“Someone said in the dressing-room after the game that they thought me and Arnaud complemented each other very well. When one of us was pressing high, the other one sat off a bit. Neither of us was in there to sit for the whole game. We were both in there to work together and do a bit of everything. There was plenty talking between us – we’re both experienced players who are there to command that area of what is a relatively young team. It was hard work but it worked well.”
The workrate of the midfield pair was crucial to an uplifting Hearts performance in which they matched Celtic for 80 minutes before succumbing to a late winner from £4 million debutant Scott Sinclair. Cowie was buoyed by the Jambos’ overall performance, but insists they will need to learn how to make sure such impressive displays reap tangible reward in future. “You don’t want to come off with a hard-luck story when you put so much effort and quality into a game,” said the former Watford, Cardiff City and Wigan Athletic player. “It’s disappointing that we’ve got no points to show for it, and that’s something we’ve got to learn from if we want to compete at the top level over the course of the season.
“To play the way we did against the champions is very positive, though. The plan was to play on the front foot and get after them as much as we could – it’s hard work doing that for 90 minutes, but I thought we managed it. In the second half, I thought we were in control. I didn’t think Celtic created too much, but that’s what these teams can do. You think you’re in control but that’s maybe when you’re at your most vulnerable. The fact the goal came from our own corner kick is very disappointing. Overall, though, there were very positive signs.”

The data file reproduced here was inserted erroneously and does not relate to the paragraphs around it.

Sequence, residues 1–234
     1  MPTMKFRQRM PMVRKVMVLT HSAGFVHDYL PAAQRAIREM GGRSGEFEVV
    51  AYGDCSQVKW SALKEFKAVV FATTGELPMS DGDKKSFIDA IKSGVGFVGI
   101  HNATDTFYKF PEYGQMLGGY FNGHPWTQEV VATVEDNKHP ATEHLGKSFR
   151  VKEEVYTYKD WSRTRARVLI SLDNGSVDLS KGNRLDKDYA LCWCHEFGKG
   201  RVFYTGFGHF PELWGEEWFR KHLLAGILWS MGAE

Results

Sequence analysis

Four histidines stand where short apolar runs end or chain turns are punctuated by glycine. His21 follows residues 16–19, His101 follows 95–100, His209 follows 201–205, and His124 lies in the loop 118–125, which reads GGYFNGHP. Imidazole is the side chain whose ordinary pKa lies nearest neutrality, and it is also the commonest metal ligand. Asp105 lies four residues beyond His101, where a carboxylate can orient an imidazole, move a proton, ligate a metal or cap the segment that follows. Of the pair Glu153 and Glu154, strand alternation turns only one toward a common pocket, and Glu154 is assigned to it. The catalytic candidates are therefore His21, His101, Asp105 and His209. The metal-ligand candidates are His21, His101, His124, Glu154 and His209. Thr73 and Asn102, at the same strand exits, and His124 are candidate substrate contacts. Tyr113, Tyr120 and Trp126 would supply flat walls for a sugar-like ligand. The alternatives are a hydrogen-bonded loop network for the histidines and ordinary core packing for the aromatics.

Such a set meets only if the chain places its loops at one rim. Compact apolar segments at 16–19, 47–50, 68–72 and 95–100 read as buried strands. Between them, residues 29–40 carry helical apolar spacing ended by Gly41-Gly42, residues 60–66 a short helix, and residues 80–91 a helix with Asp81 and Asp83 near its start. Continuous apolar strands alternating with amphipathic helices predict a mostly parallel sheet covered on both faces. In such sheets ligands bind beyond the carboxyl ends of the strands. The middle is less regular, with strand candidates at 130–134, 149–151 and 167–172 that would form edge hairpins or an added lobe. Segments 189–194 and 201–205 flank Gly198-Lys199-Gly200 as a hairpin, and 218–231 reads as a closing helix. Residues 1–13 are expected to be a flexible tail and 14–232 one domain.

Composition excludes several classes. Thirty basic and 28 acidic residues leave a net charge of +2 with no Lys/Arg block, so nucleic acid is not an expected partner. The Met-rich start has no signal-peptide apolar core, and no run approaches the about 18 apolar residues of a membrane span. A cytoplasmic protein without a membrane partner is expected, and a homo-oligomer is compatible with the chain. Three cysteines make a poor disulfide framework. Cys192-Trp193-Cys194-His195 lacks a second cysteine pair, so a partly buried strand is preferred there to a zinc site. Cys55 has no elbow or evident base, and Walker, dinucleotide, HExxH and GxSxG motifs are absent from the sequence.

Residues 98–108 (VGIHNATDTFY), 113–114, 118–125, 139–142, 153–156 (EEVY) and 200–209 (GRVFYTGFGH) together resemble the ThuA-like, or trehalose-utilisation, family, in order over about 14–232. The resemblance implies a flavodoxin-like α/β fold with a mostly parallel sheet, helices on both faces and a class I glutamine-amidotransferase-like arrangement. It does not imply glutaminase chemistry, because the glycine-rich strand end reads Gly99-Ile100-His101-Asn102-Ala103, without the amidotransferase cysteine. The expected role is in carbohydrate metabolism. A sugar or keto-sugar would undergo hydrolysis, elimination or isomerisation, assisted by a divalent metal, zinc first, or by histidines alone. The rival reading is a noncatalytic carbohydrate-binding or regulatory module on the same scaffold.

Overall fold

The positive reaction from the Hearts support, who clearly enjoyed their team’s adventurous approach on Sunday, was in stark contrast to the previous home game, when Neilson and his players were loudly jeered off after crashing out of the Europa League against Maltese side Birkirkara last month.
“The response we got from the crowd was great,” said Cowie. “The fans are so important to us. When they get behind us, it gives us that extra couple of per cent that can make the difference. We were obviously disappointed with the way things went in Europe, but I hope the fans could see against Celtic that we’re over that and looking forward to the season ahead.
“When you set standards as a team like we did last year, expectations come from that. It wasn’t just the fans who were disappointed after Birkirkara – we were disappointed as well. These things can happen, though – the main thing is how you respond. The only way we can respond to it is to make sure we’re back in Europe next year to try and put it right.”
In the short term, the focus turns to tomorrow’s trip to Perth, where Cowie will be hoping to keep alive his hopes of winning a first major cup competition in his career. “St Johnstone finished fourth last year and they’ve started with a good point against Aberdeen, so it’s one of the hardest ties we could have got,” said Cowie. “But we’ve got a great squad and we want to make an impact in the cups. If we get through this one, we’re in the last eight, so it’s a massive game. One of the reasons I came here was that I believe we can challenge for the main trophies.
“The closest I’ve been to winning a cup before was when I played in the 2012 League Cup final for Cardiff against Liverpool and we lost on penalties. It was heartbreaking. Inverness and Ross County have both done well in the cups in recent years, but I didn’t really have any good runs when I was up in Scotland before. I’d love to win a piece of silverware with Hearts.”